The add-on phase comprises building commercial-type DD cells based on the Phase II results and evaluating them for the intended application i.e., using them to power the tool in a hot well. DD cells with capacities from 3 to 5 amp hours (Ah) will be assembled, employing methods and components defined during the original phase of the project. Safety tests will be performed. The cells’ electrical performance will be determined once they are judged ready for commercial application. Fully qualified cells (known capacity, energy efficiency, cell resistance, vibration behavior) will be tested in a tool in a high-temperature well. Results of the tests will be reported as the final deliverable for this project.
The DD cell employs several hermetic seals in order to operate. There is a seal which closes the cathode compartment where an alumina plate is glass sealed to an alumina header, and the alumina header is also sealed to beta-alumina electrolyte, thus closing the cathode compartment.
Compatibility of these seals was tested under the most stringent conditions, such as exposure to cathode composition of a fully charged cell at 250ºC, for one month. The results obtained showed no leakage. The compatibility of the tungsten/glass seal was also determined when in direct contact with cathode liquid and when in contact with vapor. It was observed that the former was less affected than the latter; however, both showed long lifetimes.
The designed seals were submitted for FEM (Finite Element Model) analysis. Excessive compressive stress for the top alumina seal (alumina plate/alumina header) was estimated. The geometry of one of the components was changed to produce less stress, thus decreasing the likelihood of a leak.
The prototype cell design is comprised of a metal case employed as an anode compartment, an alumina top sealed to an alumina header-beta” alumina assembly serving as cathode compartment, and a seal. The cathode compartment is installed in the metal case. The alumina top, with a protruded metal current collector, seals the cathode compartment. A metal collar attached to the alumina is welded to the case, thus sealing the anode compartment.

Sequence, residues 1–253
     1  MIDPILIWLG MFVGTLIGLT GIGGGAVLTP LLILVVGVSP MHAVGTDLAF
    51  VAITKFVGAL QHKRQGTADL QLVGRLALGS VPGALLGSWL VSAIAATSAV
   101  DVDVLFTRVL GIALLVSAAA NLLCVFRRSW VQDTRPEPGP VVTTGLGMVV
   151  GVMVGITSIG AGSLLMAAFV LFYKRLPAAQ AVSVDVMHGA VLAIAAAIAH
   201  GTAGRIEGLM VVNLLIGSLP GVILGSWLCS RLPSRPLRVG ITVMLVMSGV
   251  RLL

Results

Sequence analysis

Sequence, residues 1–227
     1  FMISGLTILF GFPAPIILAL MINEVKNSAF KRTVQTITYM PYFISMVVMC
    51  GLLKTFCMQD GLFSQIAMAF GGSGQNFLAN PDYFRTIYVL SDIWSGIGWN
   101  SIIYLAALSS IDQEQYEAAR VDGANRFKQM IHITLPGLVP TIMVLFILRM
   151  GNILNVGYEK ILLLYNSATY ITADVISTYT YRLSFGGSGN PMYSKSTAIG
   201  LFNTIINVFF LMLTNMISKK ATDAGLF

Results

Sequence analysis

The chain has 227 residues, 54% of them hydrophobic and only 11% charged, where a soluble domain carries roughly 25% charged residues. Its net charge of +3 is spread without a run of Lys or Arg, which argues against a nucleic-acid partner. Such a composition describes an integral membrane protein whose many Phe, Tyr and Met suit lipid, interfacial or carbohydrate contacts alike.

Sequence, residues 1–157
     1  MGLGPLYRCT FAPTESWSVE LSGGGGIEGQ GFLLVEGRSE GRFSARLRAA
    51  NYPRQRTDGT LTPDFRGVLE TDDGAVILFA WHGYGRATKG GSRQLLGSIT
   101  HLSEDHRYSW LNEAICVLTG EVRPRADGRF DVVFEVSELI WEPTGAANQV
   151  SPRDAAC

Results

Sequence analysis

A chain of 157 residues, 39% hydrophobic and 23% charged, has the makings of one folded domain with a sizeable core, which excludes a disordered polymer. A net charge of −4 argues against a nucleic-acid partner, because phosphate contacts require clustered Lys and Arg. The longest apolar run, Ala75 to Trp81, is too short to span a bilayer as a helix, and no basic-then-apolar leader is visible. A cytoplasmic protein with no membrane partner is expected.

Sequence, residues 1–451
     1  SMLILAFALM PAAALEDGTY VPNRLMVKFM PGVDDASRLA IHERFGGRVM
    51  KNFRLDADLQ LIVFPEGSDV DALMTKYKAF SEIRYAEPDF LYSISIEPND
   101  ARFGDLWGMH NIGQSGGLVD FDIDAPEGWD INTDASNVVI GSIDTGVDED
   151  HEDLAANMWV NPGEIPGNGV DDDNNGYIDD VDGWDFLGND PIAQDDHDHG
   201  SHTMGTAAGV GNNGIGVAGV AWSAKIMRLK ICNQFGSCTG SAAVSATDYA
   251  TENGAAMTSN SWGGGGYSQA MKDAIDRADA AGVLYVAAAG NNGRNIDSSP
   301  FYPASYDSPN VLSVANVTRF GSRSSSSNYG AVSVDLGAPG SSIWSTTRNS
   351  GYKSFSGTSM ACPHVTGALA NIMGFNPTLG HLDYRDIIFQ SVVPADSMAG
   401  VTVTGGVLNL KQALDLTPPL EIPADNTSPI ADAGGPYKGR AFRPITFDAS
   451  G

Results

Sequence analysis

The dummy cell was built and tested for vibration and shock resistance.. The cell design was comprised of the cathode compartment installed into a metal case which served as the anode compartment. The cathode compartment consisted of an alumina plate sealed to the alumina header-ß” alumina tube assembly. The two compartments were hermetically sealed by welding a metal collar to the cathode compartment and cell case. Anode and cathode compartments were filled with liquids simulating anode and cathode materials in an actual cell during operation. The cell passed the test; there was no indication that vibrations and shock had any effect on the cell components and its electrical properties during or after completion of testing. If there were any structural changes in the cell that would cause changes in the cell electrical properties, they were not shown by visual inspection.
The final cell design was completed—it is identical to the design of the dummy cell except that it contains sodium in the anode compartment and a cathode mixture in the cathode compartment.
A special welding technique was developed to hermetically seal the cathode compartment. Several DD cells with 2Ah and 3Ah capacities were assembled. The cells were submitted for electrical performance testing at 200ºC. The initial results of cycling at constant current showed some loss in capacity and it was observed that the loss was caused by a leak in the welded area of the cathode compartment. This problem was caused by constraints imposed by the environment and welding equipment used in developing the cell. The leak has been addressed, allowing completion of electrical performance and safety testing.
The period of project performance has ended and the project is complete.